For real-time applications, hardware-optimized implementations of simple models distributed closer to the source of capture can be performant. Search and anomaly detection tasks can use fast models to associate frames with a stream of annotation data.
Also user-generated content may be too voluminous to run complex inference workloads. Here fast, simple representation to index the catalogue can help.
Conversely, a slowly-growing corpus of curated cinematic content tends to present rich structure we can parse with additional modeling and analysis. Google offers a service to analyze and index metadata in video. Stanford researchers demonstrate vision pipelines for extracting structured information from video:
Pairing tools like Spark and FFmpeg, we can apply MapReduce to distribute processing the high-bandwidth sequential data. Here, we combine Spark with off-the-shelf face detectors, similar to the approach described above:
import face_recognition boxes_schema = ArrayType( StructType([ StructField("top", FloatType(), False), StructField("right", FloatType(), False), StructField("bottom", FloatType(), False), StructField("left", FloatType(), False) ])) def bbox_helper(bbox): top, right, bottom, left = bbox bbox = [top, left, bottom, right] return list(map(lambda x: max(x, 0), bbox)) @udf(returnType=boxes_schema) def face_detector(img_data, width=640, height=480, n_channels=3): img = np.frombuffer(img_data, np.uint8).reshape(height, width, n_channels) faces = face_recognition.face_locations(img) return [f for f in faces] @udf(returnType=ArrayType(DoubleType())) def embedding_extract(img, bbox): ''' SVM feature for recognition/identification ''' box = bbox["detections"] top, left, bottom, right = box.xmin, box.ymin, box.xmax, box.ymax face_location = [tuple(map(int, (top, right, bottom, left)))] return face_recognition.face_encodings(img.to_numpy(), known_face_locations=face_location).tolist()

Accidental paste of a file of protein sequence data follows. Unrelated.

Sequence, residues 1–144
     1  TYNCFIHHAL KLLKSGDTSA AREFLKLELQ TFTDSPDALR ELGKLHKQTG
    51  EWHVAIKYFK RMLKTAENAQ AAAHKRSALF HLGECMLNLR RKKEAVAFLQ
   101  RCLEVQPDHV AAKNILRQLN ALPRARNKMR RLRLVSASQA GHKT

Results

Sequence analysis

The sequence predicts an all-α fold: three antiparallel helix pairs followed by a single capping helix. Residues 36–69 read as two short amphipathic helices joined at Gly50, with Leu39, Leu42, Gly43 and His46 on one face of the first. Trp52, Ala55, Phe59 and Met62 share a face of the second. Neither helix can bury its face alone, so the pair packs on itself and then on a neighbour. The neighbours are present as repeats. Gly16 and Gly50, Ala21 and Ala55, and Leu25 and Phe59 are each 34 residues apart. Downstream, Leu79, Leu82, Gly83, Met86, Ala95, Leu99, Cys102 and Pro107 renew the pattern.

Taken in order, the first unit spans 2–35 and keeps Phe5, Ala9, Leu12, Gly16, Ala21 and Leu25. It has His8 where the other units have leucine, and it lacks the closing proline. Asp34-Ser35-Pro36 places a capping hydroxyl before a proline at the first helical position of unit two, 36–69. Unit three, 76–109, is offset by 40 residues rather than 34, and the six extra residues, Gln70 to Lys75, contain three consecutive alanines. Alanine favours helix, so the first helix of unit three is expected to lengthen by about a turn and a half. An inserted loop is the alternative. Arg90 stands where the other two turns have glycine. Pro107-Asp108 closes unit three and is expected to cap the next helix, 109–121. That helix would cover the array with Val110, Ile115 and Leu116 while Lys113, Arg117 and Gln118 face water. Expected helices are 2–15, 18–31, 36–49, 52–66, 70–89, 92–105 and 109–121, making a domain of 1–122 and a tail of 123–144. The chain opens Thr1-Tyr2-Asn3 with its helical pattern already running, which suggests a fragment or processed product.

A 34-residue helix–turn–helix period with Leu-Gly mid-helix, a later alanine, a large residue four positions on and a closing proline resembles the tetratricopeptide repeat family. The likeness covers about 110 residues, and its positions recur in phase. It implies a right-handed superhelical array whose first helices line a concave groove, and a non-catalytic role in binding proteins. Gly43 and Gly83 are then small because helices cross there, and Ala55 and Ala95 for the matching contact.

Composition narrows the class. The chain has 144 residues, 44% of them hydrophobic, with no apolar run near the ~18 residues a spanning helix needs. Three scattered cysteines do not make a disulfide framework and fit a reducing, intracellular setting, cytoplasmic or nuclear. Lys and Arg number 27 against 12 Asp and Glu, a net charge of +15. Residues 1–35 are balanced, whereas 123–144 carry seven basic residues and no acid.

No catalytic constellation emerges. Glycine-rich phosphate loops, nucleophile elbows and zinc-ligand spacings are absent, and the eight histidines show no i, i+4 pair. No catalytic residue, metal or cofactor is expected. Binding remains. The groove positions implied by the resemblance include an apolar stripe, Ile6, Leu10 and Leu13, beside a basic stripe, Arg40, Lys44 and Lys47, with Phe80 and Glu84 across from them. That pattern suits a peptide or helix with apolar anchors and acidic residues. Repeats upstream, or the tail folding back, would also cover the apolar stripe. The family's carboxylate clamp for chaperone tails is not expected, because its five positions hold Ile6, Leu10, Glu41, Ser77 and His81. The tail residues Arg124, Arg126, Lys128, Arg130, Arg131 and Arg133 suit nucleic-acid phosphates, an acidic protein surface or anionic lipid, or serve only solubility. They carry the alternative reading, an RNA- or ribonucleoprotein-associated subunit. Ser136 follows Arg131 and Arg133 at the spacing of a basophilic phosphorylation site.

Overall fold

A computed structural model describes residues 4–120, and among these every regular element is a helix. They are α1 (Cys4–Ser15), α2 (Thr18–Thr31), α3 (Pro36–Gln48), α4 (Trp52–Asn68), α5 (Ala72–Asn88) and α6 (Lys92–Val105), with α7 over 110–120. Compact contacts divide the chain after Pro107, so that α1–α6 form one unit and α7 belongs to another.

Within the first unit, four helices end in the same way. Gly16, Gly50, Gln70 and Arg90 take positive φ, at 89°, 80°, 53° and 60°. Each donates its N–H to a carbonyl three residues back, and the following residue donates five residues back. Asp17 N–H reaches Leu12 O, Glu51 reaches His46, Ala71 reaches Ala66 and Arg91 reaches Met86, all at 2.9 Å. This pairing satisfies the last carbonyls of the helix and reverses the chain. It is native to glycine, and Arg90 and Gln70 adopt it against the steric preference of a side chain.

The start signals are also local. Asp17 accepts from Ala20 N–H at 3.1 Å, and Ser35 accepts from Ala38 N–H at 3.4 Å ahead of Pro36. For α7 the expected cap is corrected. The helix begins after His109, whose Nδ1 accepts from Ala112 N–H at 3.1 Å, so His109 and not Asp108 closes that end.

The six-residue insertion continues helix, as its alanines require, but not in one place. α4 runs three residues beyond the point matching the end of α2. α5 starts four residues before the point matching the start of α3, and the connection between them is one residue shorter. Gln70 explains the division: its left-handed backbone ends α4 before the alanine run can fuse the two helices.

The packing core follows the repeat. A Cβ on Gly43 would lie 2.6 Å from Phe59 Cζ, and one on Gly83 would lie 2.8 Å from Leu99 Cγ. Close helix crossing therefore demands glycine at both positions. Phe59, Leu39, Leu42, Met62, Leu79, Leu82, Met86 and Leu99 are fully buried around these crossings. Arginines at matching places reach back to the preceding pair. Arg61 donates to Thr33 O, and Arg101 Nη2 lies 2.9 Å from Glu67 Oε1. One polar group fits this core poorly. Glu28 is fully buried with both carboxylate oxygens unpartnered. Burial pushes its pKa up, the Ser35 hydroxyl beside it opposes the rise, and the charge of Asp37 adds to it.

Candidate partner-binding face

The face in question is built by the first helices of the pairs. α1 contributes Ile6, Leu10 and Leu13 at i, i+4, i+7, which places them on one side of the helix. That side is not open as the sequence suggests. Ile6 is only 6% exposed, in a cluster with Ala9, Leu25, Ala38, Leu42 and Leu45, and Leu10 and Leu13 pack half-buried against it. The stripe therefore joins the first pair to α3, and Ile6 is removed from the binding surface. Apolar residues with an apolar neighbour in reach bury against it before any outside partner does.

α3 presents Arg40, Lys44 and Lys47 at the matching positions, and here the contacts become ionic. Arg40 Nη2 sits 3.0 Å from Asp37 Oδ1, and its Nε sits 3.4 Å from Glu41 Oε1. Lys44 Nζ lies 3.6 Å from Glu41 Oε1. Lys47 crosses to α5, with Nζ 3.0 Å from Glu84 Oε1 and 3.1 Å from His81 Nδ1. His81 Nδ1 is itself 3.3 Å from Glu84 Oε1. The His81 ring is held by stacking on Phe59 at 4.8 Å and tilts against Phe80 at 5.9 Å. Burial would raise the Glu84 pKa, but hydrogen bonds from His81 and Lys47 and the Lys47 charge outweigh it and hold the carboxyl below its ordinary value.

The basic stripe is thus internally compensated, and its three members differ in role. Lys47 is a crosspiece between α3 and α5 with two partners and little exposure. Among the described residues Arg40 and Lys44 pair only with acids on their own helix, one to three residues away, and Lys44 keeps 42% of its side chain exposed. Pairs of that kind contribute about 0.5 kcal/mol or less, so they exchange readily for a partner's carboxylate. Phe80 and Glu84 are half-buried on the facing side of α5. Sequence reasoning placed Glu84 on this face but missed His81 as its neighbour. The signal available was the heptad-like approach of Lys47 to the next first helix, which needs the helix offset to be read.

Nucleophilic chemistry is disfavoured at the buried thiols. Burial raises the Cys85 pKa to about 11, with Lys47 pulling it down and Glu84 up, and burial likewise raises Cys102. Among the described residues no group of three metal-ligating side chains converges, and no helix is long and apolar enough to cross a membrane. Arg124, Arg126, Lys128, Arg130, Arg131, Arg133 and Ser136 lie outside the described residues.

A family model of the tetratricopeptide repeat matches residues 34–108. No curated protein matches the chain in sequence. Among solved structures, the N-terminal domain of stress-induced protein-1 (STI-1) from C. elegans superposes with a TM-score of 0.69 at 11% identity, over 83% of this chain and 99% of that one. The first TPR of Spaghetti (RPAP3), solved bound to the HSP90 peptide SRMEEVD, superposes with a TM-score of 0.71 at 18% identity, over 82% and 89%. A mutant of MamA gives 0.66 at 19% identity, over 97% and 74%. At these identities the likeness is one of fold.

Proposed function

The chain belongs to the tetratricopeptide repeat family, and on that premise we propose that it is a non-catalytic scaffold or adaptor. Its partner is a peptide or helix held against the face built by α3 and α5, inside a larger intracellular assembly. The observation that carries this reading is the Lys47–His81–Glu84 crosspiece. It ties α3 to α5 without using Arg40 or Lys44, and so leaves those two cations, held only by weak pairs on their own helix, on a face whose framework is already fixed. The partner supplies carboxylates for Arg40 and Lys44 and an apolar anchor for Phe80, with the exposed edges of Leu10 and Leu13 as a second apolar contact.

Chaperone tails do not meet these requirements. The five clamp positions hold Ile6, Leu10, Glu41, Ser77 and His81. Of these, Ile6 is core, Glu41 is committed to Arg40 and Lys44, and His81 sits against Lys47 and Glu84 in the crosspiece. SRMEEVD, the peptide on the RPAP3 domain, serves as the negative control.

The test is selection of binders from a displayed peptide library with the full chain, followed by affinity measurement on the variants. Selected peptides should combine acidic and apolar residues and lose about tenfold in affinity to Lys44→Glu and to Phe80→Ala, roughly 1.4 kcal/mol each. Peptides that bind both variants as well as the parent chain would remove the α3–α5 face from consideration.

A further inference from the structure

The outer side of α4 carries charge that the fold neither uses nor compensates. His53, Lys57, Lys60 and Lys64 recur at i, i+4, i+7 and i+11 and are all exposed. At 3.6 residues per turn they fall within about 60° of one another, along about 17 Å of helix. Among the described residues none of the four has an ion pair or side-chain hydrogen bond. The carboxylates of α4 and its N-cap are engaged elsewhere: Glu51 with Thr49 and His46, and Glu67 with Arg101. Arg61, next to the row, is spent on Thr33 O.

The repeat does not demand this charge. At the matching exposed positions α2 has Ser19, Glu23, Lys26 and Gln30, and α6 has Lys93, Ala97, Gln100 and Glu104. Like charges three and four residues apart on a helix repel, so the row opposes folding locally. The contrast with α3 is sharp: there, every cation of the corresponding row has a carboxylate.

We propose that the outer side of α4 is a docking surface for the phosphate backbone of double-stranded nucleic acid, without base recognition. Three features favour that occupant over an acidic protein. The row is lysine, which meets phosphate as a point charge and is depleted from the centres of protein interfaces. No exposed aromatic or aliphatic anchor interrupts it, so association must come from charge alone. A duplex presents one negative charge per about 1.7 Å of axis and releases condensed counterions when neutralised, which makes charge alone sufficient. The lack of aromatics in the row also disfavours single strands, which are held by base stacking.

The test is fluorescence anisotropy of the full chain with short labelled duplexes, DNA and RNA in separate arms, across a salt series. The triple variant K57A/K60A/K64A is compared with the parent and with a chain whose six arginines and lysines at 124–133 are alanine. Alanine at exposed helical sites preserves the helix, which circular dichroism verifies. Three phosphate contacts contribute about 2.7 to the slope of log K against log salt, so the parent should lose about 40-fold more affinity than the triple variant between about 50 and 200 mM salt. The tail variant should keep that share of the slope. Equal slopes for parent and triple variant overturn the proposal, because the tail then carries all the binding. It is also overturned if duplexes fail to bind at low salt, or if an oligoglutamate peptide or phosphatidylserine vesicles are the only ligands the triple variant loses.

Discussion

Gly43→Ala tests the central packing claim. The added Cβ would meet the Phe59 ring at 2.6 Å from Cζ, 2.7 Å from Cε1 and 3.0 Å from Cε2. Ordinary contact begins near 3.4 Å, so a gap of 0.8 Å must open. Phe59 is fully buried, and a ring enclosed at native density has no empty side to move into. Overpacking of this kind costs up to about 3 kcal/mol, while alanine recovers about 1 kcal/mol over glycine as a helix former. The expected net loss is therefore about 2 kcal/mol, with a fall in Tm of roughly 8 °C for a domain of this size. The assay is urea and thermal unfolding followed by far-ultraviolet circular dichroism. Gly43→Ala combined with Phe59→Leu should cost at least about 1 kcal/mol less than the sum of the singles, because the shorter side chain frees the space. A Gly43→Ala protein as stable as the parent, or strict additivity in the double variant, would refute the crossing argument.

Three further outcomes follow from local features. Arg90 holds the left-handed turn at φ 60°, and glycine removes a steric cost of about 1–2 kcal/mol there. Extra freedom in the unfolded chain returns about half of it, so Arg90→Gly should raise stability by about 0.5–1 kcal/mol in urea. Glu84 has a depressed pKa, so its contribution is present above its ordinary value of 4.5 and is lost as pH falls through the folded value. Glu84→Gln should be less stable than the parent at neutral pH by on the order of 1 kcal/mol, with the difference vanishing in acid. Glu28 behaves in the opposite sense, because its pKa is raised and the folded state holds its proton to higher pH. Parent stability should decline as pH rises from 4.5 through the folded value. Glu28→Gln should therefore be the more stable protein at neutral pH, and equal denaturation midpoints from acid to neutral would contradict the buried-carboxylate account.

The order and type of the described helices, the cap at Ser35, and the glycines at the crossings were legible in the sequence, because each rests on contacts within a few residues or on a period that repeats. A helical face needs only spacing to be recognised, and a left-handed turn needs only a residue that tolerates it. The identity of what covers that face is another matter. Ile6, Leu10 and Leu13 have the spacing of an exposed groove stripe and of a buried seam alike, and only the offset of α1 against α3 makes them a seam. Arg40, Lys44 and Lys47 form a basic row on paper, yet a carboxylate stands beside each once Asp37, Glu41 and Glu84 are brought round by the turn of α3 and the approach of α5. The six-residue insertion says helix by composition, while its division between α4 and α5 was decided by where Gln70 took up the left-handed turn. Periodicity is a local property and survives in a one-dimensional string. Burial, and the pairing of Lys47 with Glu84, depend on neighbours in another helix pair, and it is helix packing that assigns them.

Popular video datasets used to benchmark video understanding & activity recognition tasks, including UCF101, Kinetics, and YouTube8M.
Youtube Downloader is fantastic for fetching a few videos, but it can be challenging to download a large corpus from YouTube.
The Deepfake Detection Challenge, hosted by Kaggle, provides a corpus of video data for the binary classification task of identifying videos manipulated by Deepfake techniques.
ML Models on Video
During the DeepFake Detection Challenge, many participants sampled frames from short video segments and ensemble the results of an image classifier for prediction. Some considered LCRN models using temporal sequences of features extracted from image patches around the face.
Similarly, we’ve encoded motion using sequences of low-dimensional body key points for activity recognition with ActionAI.
This survey outlines research advances introducing temporal information through the two-stream networks using RGB and optical flow as input along with its modern incarnation in the neuro-inspired Slowfast architectures. The survey considers different approaches regarding time, including 3D convolution as well as the recent emphasis on making video inference more efficient.
Qualcomm researchers recently applied conditional computing to reduce work over space-time volumes by apply convolution to sparse residual frames while learning to skip frames with a gating mechanism. Naturally more time frames can help some predictions.
We are excited to apply ideas like these for content-aware video compression techniques.
Inferring structured information from video is challenging. Simply storing and accessing suitable training samples or learning specialized tools can limit the broader application of this technology.
Video understanding presses the limits in extracting structure from high-dimensional data. Success in this arena draws upon advances in hardware acceleration and signal processing.